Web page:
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Houston Bidder Pledges Sellouts


Houston businessman Bob McNair has guaranteed sellouts at every home game for five years should he get an NFL expansion football team, a pledge that would prevent local television blackouts.

NFL officials, preparing to gather in Phoenix on Sunday for a meeting to decide their next expansion team, declined comment.

McNair's audacious promise, reported by Houston television station KRIV late Friday and the Houston Chronicle in Saturday editions, is aimed at gaining an upper hand over Los Angeles, which has more than a 3-1 edge in the number of TV households.

McNair said he would devise a system to give to charity any tickets not sold by the deadline for a blackout. NFL rules dictate that if a game is not a sellout 72 hours before kickoff, it is not televised within 75 miles.

However, network officials have said they would prefer that the NFL be in a town that can guarantee sellouts.

"I'm that confident we will succeed," McNair said. "We're telling television that you're not going to suffer blackouts in Houston. That should be a big challenge to Los Angeles."

Two groups in Los Angeles are competing for a team. Hollywood dealmaker Michael Ovitz wants to build a new stadium in suburban Carson atop a waste dump. Real estate developer Ed Roski and billionaire Eli Broad want to remodel the L.A. Coliseum.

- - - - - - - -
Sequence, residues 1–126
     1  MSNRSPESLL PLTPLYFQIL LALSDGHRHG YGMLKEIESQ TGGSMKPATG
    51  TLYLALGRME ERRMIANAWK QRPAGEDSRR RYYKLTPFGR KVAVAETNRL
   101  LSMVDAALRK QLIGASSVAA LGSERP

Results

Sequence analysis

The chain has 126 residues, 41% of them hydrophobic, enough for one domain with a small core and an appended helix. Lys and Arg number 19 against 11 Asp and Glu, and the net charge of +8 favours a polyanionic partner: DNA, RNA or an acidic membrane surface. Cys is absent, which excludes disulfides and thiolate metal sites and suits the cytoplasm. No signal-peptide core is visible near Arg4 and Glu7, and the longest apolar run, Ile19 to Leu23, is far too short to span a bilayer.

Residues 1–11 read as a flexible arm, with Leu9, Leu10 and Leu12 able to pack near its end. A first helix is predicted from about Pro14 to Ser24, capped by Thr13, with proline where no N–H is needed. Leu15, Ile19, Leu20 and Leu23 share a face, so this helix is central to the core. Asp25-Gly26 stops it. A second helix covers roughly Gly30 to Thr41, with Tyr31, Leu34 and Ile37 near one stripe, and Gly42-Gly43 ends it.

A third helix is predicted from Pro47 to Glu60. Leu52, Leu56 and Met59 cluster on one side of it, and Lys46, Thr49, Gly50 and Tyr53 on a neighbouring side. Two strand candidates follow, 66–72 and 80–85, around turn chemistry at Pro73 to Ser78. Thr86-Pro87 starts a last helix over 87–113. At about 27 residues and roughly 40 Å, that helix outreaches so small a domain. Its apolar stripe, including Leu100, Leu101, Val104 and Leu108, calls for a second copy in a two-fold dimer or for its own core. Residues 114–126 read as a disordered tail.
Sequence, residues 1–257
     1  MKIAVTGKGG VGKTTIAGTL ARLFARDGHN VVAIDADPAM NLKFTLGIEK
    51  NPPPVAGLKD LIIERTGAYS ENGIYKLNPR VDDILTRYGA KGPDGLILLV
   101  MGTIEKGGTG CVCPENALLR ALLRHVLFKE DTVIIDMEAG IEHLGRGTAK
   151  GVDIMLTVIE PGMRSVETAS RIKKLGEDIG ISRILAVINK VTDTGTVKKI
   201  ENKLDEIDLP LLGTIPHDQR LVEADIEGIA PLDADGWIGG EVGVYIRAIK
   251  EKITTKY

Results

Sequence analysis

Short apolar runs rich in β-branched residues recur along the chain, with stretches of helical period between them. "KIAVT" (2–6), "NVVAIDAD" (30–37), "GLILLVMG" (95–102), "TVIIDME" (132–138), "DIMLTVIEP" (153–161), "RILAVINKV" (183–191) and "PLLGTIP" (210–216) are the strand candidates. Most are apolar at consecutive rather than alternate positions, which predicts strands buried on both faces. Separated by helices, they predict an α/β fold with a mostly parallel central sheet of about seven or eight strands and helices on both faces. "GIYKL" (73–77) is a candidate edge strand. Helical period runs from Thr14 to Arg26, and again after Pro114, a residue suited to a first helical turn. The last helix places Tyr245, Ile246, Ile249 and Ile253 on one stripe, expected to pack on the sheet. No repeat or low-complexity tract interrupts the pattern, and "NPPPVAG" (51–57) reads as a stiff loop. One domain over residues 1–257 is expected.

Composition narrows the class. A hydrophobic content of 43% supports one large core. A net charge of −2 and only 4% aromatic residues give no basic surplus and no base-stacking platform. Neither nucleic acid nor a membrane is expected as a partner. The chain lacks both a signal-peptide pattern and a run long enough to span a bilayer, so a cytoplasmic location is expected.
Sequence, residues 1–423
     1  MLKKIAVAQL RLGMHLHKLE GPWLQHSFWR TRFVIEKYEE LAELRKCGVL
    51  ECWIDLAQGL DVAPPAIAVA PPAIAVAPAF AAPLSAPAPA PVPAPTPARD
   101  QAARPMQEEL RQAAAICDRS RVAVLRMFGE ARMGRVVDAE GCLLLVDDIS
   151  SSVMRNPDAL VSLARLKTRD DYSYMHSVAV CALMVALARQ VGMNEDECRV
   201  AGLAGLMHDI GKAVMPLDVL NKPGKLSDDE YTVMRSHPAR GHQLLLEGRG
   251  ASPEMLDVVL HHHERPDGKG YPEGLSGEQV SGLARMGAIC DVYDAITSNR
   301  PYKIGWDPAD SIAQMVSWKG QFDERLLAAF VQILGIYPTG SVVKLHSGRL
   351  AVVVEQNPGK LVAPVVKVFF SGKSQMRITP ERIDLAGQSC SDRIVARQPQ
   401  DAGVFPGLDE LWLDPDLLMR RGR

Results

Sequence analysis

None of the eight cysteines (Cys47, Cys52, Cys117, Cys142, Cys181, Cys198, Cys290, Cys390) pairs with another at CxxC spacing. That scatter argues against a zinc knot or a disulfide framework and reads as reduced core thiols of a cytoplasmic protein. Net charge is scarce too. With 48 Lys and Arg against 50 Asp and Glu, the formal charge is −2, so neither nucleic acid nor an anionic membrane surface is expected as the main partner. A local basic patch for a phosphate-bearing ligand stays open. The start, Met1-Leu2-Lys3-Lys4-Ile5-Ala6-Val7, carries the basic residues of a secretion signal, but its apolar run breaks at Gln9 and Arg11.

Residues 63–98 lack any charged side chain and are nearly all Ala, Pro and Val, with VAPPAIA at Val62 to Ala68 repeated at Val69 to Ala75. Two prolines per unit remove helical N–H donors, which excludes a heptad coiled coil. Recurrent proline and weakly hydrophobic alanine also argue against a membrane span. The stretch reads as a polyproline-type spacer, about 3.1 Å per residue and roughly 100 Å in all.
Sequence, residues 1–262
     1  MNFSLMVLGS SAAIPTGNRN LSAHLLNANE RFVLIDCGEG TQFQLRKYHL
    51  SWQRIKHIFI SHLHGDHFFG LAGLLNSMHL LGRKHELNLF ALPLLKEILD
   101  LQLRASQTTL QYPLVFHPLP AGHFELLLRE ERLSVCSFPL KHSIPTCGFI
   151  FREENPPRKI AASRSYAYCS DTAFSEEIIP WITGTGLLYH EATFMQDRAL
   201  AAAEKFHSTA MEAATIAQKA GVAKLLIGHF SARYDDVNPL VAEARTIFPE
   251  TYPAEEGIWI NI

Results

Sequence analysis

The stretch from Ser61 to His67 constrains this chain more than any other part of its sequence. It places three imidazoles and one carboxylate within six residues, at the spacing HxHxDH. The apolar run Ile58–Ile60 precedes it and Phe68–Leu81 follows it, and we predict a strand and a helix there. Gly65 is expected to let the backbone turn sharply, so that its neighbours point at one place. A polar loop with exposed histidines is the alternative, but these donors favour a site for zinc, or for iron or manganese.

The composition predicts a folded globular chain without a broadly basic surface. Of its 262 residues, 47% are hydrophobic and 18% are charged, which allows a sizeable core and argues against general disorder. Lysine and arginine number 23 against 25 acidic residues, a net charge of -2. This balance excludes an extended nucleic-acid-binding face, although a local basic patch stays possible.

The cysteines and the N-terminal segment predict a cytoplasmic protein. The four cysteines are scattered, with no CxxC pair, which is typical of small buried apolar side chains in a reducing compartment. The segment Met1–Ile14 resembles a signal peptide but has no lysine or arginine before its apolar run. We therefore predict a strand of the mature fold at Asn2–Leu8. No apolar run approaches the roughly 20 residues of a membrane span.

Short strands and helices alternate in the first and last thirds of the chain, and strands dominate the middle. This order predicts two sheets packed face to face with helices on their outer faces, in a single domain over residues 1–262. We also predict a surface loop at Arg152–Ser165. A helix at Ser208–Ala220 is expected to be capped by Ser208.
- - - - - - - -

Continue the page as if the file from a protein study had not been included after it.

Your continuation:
McNair has been stepping up his challenges to Los Angeles television market.

"You hear a lot of talk about the fact that Houston is the 11th-rated media market and Los Angeles is the second-rated market," McNair told KRIV. "That's very superficial. That doesn't tell the whole story."

Earlier this week, he distributed a report to team owners showing that while Los Angeles has a larger base of viewers who watch NFL games, having a home team in that city does not produce a large gain over having a new team in Houston.

Using network records for the 1993 and 1994 seasons, the incremental gain of a Los Angeles Raiders game was only about 28,000 more than the incremental gain of a Houston Oilers' game.

Texas senators are pressuring NFL commissioner Paul Tagliabue.>
Texas senators are pressuring NFL commissioner Paul Tagliabue. (AP)

Both cities lost their NFL franchises in 1995, with Los Angeles also losing the Rams.

Meanwhile, Texas' two U.S. senators and the region's seven House members have sent NFL Comissioner Paul Tagliabue a letter asking that he hold to his word.

Almost three years ago, Tagliabue stood in Houston's City Hall and said the city would likely get another football team if it put together a state-of-the-art stadium deal.

On Wednesday, the group - led by Republican Sens. Phil Gramm and Kay Bailey Hutchison - implored the league to give Houston the 32nd franchise over Los Angeles.

The letter reminded Tagliabue of his comments May 29, 1996, after meeting with Gramm, then-Mayor Bob Lanier, Harris County Judge Robert Eckels and others in wake of the Oilers' departure for Tennessee.

The letter said Houston's proposed $310 million, retractable-roof stadium "meets all the requirements set by you."

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